Referring to FIG. 1, a radio communication environment 100 for providing radio communication is shown. The radio communication environment 100 can include one or more subscribers, such as mobile device 110 and mobile device 112. A mobile device can be a cell phone, a personal digital assistant, a mobile communication device, a portable media player, an emergency communication device, a remote beacon device, a communication radio, or any other suitable communication device. As another example, the mobile device 110 can be a hand-held portable, bi-directional radio transceiver such as a walkie-talkie. Characteristics of the mobile device 110 may include a half-duplex channel where only one user can receive and transmit at a time, and a push-to-talk switch 240 that starts transmission. More than one mobile device can be present for providing group call or dispatch communication. In one aspect, the mobile devices 110 and 112 can communicate with one another over a radio frequency communication link. As is known in the art, the mobile devices 110 and 112 can each include a transmitter and a receiver for providing wireless communication over a radio frequency link.

The mobile devices communicate over one or more channels 130 within the frequency band 120. In radio terminology, a channel can be defined as a specific radio frequency, or band of frequencies, usually described in conjunction with a predetermined letter, number, or codeword. A channel 130 that is being used for providing data communication can also be considered an active frequency. The active frequency can have an associated activity level 150. For example, an active frequency that is currently being used for data communication can have an associated activity level 150 that describes a useage of the active frequency. For instance, if multiple users are repeatedly communicating on a frequency, the frequency will be associated with a high activity level. If few users are using a frequency, the frequency will be associated with a low activity level. The activity level can also describe the degree of use of a particular frequency. For example, the activity level can be expressed as a ratio or percentage of time the frequency level was used over a given time, or a sample time frame.

Briefly, the frequency spectrum 120 can be divided into a plurality of frequency bands such as UHF and VHF. As is known in the art, Very high frequency (VHF) is the radio frequency range from 30 MHz to 300 MHz. In contrast, Ultra high frequency (UHF) designates a range (band) of electromagnetic waves whose frequency is between 300 MHz and 3.0 GHz. UHF frequencies' propagation characteristics are ideal for short-distance terrestrial communication such as radio communication. As one example, the UHF band can support the Family Radio Service (FRS) which is an improved two-way system. FRS does not suffer the interference effects found on VHF bands such as Citizens Band (CB), or bands used by cordless phones, toys, and monitoring devices. As one example, within FRS, the mobile device 110 can communicate over 14 different channels, 7 of which are also shared with General Mobile Radio Service (GMRS). Embodiments of the invention are not however limited to the radio frequency bands and can include frequency bands associated with CDMA, OFDM, Wi-FI, and the like.

In practice, the mobile devices can be deployed within a remote environment where there may be little or no operational two-way radio infrastructure present. For example, an emergency team can be dispatched with a fleet of mobile devices for responding to a disaster event. The mobile devices can be in direct radio frequency communication without infrastructure support. The team members can select a private line for distinguishing between groups of users and allowing communication over a set of frequencies that are available the mobile devices. An automated frequency selection can increase the likelihood of a successful radio communication and can increase an efficiency in use of available frequencies.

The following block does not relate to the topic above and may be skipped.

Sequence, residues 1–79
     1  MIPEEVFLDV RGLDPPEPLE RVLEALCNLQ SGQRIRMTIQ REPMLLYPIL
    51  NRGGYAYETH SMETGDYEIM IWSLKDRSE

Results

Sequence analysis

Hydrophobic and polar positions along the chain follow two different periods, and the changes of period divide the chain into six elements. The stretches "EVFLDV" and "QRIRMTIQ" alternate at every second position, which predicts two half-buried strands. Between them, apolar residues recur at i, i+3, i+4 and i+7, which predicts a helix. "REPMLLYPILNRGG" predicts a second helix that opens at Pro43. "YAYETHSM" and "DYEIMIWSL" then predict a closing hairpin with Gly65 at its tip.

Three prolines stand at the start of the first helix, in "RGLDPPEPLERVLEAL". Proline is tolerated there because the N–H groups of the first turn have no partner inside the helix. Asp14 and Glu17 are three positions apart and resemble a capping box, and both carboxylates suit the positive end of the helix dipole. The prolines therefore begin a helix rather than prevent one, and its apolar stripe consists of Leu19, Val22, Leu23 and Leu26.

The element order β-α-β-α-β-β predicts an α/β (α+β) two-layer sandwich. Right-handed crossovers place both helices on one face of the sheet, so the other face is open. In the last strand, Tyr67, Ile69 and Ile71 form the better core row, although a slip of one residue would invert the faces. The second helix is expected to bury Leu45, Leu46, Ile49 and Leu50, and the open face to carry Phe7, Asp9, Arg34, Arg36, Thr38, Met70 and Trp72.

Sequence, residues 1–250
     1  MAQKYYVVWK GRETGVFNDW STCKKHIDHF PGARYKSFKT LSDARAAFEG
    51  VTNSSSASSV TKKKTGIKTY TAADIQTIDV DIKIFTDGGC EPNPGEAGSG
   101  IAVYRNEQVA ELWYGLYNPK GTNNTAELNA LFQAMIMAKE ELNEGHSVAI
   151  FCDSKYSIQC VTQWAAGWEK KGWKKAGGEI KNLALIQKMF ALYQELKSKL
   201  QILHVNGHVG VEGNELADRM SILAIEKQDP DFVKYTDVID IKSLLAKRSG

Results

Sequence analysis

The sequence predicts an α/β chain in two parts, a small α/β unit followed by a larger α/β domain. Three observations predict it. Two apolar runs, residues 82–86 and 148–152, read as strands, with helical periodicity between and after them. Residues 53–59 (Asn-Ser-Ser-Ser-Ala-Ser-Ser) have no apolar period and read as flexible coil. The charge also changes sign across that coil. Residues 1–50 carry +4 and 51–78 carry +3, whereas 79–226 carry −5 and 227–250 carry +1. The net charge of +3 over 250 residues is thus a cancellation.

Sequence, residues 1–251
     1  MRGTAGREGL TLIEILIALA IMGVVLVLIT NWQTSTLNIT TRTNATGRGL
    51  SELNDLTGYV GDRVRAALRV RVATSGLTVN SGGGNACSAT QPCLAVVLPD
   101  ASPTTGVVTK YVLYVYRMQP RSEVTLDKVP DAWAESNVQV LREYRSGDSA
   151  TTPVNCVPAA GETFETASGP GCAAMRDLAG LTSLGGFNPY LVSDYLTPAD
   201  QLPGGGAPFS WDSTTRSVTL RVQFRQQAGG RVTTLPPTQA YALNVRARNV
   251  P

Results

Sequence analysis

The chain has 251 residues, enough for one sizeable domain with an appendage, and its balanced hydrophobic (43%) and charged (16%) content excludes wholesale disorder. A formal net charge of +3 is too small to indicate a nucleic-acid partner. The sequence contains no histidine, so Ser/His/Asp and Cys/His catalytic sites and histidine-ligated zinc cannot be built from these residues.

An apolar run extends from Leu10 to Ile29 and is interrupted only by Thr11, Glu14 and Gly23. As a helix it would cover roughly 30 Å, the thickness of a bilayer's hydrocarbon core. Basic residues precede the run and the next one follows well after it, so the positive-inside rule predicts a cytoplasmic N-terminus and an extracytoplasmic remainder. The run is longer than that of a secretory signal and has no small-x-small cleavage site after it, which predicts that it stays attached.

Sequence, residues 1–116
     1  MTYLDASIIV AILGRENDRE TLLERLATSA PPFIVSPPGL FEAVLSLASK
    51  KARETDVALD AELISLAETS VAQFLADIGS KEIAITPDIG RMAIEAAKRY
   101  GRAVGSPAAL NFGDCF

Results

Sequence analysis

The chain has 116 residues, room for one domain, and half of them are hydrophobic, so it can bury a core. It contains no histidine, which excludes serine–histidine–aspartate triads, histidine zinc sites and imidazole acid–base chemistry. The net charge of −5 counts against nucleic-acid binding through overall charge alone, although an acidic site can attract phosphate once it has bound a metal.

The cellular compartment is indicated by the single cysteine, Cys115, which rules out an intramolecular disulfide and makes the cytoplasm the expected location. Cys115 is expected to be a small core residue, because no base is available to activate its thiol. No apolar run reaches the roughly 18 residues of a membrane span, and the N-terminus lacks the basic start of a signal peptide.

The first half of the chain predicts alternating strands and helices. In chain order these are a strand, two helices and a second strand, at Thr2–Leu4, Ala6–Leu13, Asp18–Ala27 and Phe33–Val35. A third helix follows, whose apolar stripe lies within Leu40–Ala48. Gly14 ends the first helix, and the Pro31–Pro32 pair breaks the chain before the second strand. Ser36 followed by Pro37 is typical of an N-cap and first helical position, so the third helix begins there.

Referring to FIG. 2, the mobile device 110 is shown in greater detail. The mobile device 110 can include a receiver 210 for performing a receive scanning on the set of frequency channels 130, a transmitter 220 coupled to the receiver 210 for transmitting a communication on a frequency identified by the receiver 210, and a processor 230 coupled to the transmitter 210 and receiver 220 for combining the receive scanning with the transmitting for providing automated channel selection. The mobile device 110 can include a push-to-talk (PTT) 240 for allowing half-duplex communication with other mobile devices.

In particular, on detecting a push-to-talk (PTT), which is an activation of the user pressing the PTT 240, the processor 230 selects a transmit frequency from the set of frequency channels 130 based on a measured activity on the set of channels. That is, the mobile device can automatically change a transmit frequency based on previously measured receive activity levels. In particular, multiple mobile devices sharing a private line can automatically reconfigure together to communicate on a frequency having a lowest activity level. The mobile device can combine a receive scanning with transmit frequency hopping to bypass high activity frequencies.

Referring to FIG. 3, the processor 230 is shown in greater detail. The processor 230 can include a counter 232 for assigning an activity level to active frequencies, a timer 234 for determining whether a push to talk (PTT) 240 is initiated within a hang-time, and a comparator 236 for selecting a transmit frequency based on an activity level measured during the receive scanning. Briefly, referring to FIG. 1, the counter 232 can identify active frequencies 120 and assign an activity level 150 to the set of active frequencies. Briefly referring to FIG. 2, the processor can hold a frequency previously used for a receive communication and use that frequency as a transmit frequency if timer 234 identifies that the PTT 240 is pressed before a hang-time expires. That is, the timer 234 reports PTT activity and the processor 230 determines whether a receive frequency should also be used as a transmit frequency.